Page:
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I’m All Over It

Developing an “Internet presence” in the ever-evolving digital universe By Rick Marshall

 

Warren Ellis has been on my mind lately. Sure, I just finished reading Transmetropolitan, his unexpectedly successful comic-book series about an outlaw journalist in future America, but that’s not the only thing that has me thinking about the English author, who claims to be kept standing “solely by Red Bull, cigarettes and a cane.” The bug here is that I recently found myself telling a coworker that, in addition to his knack for Thompson-meets-Gibson storytelling, Ellis has a really remarkable “Internet presence.”

Now, I can’t remember ever using that term before. Even when it first spilled out into conversation, I didn’t have a firm grip on what an “Internet presence” was—but I knew Ellis had one. Whether interacting with fans and friends on his message board, musing on life, media and the pursuit of pubs to subscribers on his Bad Signal mailing list or disseminating free music from around the Internet via his Superburst Mixtapes, Ellis has an uncanny ability to put the Internet’s constantly evolving potential to good use.

“A CD turned up in the post yesterday, from a band I’ve never heard of,” writes Ellis in one Bad Signal message. “They had no idea about the comics stuff or anything else I do. They only knew me from the Mixtapes.”

“I think that’s actually kind of great,” he continues.

And it’s precisely this sort of online proliferation of all things Ellis that makes his “Internet presence” so impressive.

It’s simply not enough to have your own Web site anymore. These days, I can’t go a week without someone asking me if I’ve got an account on Friendster, Orkut, Tribe or any of the other Web-based social networks—and don’t get me started on trying to keep up with the myriad of instant- messaging applications like AIM and Yahoo Messenger. I can share my photos on Flickr, my bookmarks on Del.icio.us and my innermost thoughts on LiveJournal, Blogger or any number of other blog facilitators. With CafePress, the cartoon I scribbled last night on a bar napkin can be printed on shirts, coffee mugs and thong underwear by tomorrow afternoon, leaving me time to upload my latest pop-rock masterpiece to MySpace.com.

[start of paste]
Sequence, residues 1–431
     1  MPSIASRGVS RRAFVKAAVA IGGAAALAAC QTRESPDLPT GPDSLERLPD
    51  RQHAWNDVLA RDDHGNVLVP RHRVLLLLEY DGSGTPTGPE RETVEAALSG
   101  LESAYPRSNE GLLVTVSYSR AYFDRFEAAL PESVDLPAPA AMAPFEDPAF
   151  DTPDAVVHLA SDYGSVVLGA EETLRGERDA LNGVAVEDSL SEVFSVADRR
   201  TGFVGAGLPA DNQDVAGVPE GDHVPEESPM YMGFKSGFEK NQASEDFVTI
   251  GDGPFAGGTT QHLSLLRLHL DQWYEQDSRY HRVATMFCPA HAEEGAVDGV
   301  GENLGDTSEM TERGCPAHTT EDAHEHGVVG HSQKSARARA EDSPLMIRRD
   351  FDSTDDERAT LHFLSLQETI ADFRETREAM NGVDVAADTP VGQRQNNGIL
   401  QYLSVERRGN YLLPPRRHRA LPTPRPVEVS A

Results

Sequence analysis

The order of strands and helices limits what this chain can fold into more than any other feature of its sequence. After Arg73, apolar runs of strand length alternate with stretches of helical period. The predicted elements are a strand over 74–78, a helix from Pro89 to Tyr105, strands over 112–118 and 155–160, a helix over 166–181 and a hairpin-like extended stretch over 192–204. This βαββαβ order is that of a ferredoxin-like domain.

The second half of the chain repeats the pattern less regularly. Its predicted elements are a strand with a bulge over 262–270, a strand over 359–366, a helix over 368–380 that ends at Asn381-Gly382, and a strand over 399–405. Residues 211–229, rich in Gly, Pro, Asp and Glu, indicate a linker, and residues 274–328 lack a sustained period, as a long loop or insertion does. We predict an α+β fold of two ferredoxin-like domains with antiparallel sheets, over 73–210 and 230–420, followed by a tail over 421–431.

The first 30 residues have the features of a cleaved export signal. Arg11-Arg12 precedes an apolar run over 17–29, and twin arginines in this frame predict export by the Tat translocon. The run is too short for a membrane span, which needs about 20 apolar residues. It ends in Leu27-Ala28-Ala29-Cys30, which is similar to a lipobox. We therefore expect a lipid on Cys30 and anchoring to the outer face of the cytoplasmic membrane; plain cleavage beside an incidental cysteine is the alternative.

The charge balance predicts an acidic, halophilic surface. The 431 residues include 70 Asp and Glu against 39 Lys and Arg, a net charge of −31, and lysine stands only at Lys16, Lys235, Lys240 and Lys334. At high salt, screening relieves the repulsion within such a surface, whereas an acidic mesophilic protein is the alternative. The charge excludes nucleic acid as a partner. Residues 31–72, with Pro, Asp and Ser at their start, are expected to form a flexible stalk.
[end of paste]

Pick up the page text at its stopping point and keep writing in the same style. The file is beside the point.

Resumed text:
And that’s only the tip of the techno-exhibitionist’s iceberg. The number of people willing to have their daily movements monitored by Web-savvy voyeurs is rising as the cost of Global Positioning System units drops, while podcasts have brought radio from a golden age of big-band sound to a digital age of DIY audio. To top it all off, you can have the content of your favorite Web sites delivered to your desktop whenever it’s published, thanks to RSS feeds (short for Really Simple Syndication).

Yet, despite the vast promotional potential of the Internet, few people (or companies, for that matter) have been able to juggle these tools effectively.

Politicians’ blogs, intended to garner votes from the Web-savvy masses, often end up ridiculed or (if their subjects are lucky) simply ignored by the critical culture of the Internet. (Note to politicians with blogging aspirations: ’Net geeks love to expose a phony, so make sure your facts are straight.) Meanwhile, most major-label musicians and movie studios these days tend to be more concerned with reducing their product’s circulation on the Internet rather than nurturing it, and new-movie sites rarely generate the word-of-mouth attention that successful Web marketing depends upon.